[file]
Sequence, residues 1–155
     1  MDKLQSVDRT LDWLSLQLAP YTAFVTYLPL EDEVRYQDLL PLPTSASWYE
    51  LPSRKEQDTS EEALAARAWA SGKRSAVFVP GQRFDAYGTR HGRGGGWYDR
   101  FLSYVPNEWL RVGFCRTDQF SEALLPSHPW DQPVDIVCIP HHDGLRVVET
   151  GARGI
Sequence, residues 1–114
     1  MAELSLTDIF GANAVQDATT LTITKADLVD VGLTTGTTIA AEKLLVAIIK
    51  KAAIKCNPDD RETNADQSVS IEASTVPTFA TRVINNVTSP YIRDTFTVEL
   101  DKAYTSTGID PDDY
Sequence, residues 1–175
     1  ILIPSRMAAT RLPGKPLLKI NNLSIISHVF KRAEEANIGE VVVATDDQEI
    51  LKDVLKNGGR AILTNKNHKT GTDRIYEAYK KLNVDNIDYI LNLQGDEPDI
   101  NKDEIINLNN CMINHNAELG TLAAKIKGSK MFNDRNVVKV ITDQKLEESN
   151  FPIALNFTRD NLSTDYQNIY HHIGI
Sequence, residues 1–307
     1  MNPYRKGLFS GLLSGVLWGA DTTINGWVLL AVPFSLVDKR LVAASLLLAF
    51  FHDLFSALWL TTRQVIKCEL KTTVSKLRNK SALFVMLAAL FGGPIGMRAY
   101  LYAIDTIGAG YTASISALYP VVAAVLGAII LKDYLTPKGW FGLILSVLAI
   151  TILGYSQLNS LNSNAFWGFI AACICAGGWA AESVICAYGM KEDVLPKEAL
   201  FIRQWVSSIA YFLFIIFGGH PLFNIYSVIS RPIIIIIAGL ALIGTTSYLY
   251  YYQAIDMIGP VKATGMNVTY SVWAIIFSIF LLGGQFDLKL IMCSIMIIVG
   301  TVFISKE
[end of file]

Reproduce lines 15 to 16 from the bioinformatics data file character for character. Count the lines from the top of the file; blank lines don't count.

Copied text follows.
Sequence, residues 1–307
     1  MNPYRKGLFS GLLSGVLWGA DTTINGWVLL AVPFSLVDKR LVAASLLLAF